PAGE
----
How to correctly repair a pitchmark

By: BIGGA | Tue 13 Jun 2017 | Comments ()


Many golfers do not take the time to do the simple task of repairing pitchmarks, to the detriment of the course.

Repairing a ball mark makes a huge difference when you’re looking at the presentation of a course and who knows, it could be you that ends up having to putt over an indentation in the surface.

But getting the technique right is more important than you may think. By pushing the bottom of the divot upwards, you can end up tearing the roots, which kills the grass.

Instead, take your ball mark repair tool and insert the prongs into the turf at the edge of the depression. Then push the edge of the tool towards the centre in a gentle twisting motion.

By inserting the prongs vertically and twisting them, you’ll actually introduce air directly downwards into the soil, which helps the roots grow stronger, rather than damaging them by using the tool as a lever to push the bottom of the mark back upwards.

Ball mark repairing makes a real difference to the quality of course greens, both in the health of the turf and the consistency of the playing surface, all of which leads to a more enjoyable playing experience.

So remember:

Right – use the prongs to push grass at the edge of the depression toward the centre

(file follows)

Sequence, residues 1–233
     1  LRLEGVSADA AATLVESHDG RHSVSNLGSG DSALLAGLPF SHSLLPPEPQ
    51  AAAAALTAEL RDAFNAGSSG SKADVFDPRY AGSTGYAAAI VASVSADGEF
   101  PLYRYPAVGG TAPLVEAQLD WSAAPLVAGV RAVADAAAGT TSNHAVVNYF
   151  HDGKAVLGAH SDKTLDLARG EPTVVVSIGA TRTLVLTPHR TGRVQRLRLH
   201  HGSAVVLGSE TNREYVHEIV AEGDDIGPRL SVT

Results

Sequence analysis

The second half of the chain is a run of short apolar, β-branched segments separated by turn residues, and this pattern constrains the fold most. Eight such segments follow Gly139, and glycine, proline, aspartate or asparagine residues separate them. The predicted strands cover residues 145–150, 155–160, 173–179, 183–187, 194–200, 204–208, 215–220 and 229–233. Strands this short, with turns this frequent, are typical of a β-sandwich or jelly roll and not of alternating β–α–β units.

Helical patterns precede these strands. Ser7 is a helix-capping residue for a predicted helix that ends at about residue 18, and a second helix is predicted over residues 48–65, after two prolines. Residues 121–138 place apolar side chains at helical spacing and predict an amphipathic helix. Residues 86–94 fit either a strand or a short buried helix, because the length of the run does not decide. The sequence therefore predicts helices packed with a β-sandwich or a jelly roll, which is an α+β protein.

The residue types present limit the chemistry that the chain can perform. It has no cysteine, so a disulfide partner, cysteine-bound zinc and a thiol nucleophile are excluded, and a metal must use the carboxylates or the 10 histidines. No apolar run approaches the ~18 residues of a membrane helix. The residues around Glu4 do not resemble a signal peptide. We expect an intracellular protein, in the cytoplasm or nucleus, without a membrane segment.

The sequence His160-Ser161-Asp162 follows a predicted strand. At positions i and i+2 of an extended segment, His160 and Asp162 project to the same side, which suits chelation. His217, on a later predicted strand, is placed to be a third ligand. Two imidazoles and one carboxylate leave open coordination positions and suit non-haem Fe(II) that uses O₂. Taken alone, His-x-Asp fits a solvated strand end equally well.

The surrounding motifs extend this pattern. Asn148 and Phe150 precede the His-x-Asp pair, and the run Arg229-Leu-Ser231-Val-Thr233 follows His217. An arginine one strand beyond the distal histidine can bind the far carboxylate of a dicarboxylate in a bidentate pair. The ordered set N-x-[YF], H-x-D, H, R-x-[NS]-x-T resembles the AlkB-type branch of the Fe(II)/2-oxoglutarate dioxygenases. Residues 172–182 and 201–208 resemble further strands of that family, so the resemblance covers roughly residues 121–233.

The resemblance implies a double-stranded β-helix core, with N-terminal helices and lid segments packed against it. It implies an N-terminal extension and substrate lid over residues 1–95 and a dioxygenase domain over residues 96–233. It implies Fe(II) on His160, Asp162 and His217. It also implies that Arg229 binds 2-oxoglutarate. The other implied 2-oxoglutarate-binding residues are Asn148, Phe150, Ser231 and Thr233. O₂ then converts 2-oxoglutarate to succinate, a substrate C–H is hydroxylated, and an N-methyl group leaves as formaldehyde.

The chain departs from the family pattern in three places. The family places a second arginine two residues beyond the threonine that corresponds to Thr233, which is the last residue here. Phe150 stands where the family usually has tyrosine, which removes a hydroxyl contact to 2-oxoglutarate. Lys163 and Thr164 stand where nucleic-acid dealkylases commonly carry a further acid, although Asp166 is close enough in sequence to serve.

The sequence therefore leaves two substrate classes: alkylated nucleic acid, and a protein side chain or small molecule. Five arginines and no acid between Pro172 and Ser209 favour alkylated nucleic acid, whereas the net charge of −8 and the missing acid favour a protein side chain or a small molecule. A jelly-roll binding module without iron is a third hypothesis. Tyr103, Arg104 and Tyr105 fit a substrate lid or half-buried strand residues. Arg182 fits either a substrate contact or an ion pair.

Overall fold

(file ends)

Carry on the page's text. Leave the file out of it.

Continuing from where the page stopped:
Wrong – use the prongs as levers to push up the bottom of the depression

For more more videos in this series visit: www.golfshake.com/improve/tag/BIGGA/


This video was filmed in association with Golfshake and BIGGA (The British and International Golf Greenkeeping Association) at the Belfry in March 2017. 

BIGGA represents the Nation's greenkeepers and works hard through education and training to raise standards in golf course management throughout the greenkeeping profession. To find out more about the work BIGGA do visit: www.bigga.org.uk


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British and International Golf Greenkeepers Association

BIGGA is dedicated to the continuing professional development of its 5,700 members, BIGGA works hard through education and training to raise standards in golf course management throughout the greenkeeping profession.

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